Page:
The SharePoint Designer

Brand. Design. Amaze.

May 8

Working for friends: what are the limits

No Gravatar

As a Designer, Coder, Copy Writer, Photographer (all professions actually)  we get asked to help out friends by lending them our expertise. The question I had today was: What are the limits when it comes to charging them? I have been on the short end of the stick a few times when it has come to doing projects for friends and family, as I feel guilty charging them but 50 hours later, I am cringing at the thought of the next email.  Those “quick jobs” become costly of your time, your mental energy and usualy end up destroying relationships.

Don’t get me wrong, a quick logo or picture, banner or tweak I do not mind at all. But as Garry Stewart and Alistair Pugin pointed out – when that one quick thing becomes 50 quick things, you are looking at a time consuming issue.

So after a twitter conversation, and some thought I came up with some pretty simple rules for this.

  1. When asked to do something by a friend or family member, think on how long it is going to take you.
  2. Consider the person asking.  For example: If that person is a OCD perfectionist – double your time in your head
  3. If the time is over 5 hours, then tell them it will cost them (be up front at all times)
  4. Consider a “Friend Rate” – and stick to it! In my case I give a 50% discount for family and close friends and about a 30% discount for friends on my radar.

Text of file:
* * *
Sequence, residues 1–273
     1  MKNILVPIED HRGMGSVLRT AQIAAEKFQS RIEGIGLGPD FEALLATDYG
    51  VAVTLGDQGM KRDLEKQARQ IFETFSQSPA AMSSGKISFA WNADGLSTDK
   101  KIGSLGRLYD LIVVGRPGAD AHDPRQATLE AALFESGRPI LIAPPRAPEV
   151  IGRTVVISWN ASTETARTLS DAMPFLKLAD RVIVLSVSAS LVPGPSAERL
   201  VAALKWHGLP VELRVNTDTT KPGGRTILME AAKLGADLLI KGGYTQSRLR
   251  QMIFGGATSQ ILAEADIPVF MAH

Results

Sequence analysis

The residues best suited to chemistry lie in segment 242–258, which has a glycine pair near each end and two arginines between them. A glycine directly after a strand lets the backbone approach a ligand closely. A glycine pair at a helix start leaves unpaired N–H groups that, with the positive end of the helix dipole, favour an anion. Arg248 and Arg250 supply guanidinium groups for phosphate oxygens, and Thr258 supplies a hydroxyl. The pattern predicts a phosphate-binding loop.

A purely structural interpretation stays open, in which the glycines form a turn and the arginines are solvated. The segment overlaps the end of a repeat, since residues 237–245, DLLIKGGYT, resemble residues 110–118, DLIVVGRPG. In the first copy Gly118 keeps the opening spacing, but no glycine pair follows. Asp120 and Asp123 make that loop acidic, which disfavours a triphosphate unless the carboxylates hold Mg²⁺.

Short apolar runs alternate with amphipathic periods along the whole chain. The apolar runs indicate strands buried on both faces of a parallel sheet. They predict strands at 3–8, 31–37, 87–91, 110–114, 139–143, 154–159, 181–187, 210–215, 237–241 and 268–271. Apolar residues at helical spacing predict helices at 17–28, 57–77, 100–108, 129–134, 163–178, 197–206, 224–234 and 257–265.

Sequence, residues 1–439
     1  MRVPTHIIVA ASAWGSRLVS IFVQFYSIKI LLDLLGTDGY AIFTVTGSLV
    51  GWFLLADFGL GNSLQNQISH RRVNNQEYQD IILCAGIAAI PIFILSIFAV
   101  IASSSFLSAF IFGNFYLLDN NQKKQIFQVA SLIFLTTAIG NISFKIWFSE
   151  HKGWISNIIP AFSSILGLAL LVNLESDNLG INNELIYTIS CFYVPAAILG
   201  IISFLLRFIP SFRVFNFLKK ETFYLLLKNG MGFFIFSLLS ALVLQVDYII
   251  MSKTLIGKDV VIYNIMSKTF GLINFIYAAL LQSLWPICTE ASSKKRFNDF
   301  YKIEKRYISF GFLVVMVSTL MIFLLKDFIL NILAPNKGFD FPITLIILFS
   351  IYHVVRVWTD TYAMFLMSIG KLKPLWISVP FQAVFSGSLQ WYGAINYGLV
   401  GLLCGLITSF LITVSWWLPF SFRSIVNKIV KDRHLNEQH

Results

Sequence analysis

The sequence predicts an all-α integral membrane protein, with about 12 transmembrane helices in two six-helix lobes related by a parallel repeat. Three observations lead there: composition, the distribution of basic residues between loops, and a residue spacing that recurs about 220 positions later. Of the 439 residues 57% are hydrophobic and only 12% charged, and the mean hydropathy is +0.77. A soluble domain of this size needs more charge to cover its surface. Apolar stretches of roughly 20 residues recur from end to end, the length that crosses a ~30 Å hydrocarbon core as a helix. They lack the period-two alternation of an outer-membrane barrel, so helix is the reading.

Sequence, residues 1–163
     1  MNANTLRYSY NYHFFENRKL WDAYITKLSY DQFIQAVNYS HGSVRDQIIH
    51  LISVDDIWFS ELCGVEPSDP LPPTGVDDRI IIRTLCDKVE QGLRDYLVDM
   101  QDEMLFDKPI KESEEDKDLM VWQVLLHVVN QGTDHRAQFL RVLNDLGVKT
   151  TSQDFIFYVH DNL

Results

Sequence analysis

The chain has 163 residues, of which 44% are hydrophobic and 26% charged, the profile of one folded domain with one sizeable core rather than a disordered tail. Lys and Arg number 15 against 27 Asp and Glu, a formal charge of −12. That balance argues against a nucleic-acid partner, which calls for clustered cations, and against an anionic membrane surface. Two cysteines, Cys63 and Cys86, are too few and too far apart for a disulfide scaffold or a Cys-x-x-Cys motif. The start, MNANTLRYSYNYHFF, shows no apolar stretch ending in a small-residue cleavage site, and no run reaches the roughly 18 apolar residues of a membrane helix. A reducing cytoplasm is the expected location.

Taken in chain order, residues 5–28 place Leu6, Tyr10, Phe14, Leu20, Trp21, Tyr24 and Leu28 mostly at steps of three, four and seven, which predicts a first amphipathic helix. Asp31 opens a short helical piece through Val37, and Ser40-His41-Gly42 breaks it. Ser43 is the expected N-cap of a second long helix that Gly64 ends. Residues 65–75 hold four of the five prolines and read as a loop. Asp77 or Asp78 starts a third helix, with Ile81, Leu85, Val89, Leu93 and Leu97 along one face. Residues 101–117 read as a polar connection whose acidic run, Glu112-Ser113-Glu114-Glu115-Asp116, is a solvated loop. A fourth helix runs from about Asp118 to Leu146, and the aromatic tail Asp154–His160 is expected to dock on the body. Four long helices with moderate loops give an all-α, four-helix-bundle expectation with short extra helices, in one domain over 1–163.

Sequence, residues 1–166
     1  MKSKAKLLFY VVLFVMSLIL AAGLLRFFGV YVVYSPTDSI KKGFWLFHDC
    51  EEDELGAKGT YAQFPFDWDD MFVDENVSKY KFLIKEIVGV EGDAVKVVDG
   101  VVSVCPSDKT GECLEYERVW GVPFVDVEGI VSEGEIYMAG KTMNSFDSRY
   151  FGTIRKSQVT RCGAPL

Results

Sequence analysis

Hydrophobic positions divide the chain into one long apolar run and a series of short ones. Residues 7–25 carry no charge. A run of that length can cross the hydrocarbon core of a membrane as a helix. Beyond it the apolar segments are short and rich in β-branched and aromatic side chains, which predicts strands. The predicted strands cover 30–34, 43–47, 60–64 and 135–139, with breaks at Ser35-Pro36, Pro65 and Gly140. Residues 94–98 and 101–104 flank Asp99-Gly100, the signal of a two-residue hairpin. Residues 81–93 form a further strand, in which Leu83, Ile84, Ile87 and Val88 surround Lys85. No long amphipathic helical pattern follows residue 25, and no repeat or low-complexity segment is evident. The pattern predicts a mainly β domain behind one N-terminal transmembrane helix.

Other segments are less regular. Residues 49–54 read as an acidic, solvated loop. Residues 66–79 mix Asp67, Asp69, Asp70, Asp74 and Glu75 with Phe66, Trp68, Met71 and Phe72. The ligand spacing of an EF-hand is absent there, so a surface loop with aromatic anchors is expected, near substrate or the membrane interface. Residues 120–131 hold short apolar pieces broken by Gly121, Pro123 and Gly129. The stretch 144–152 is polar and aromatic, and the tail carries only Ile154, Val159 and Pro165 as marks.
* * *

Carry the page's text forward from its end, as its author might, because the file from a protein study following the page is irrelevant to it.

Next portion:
5. ONLY accept projects when you have the time. When you get home from work, some times the last thing you want to do is do MORE work
  6. Give the person a time line. You say 10 hours, some times in their head they think “oh thats a day and a bit” without factoring in your other work, or even your day job.
  7. Always do a professional invoice if you are billing. I would suggest using Fresh Books, it is free and very easy to use, you can even track your time on it.

I welcome comments on this, as it is an issue which many people have different solutions for. What are your rules and guidelines?

3 Comments

  1. Dave ColemanNo Gravatar

    May 8, 2011

    Reply

    Hi Lou

    I agree with the post BUT always charge full price never give “Mates Rates” your time is to precious i have always believed that people pay me not for my looks but for what i know that has taken years to learn so ALWAYS charge full price.

    Dave

  2. Louise van der BijlNo Gravatar

    May 8, 2011

    Reply

    Hmmm, and here I thought you were just a pretty face :). I also look at the project itself when it comes to my Mate Rates. An HTML newsletter is pretty simple but a SharePoint Design is mentally intensive – so that also weighs in for me

  3. SharonNo Gravatar

    May 8, 2011

    Reply

    I need to build up the courage to ask “mate rates”. I really struggle with this, but I need the money just as much as the next person. Being a single mom ain’t easy, so every cent really does help. Guess it is time to put on the big girl brooks and stand up for myself.

Leave a comment

The SharePoint Designer is using WP-Gravatar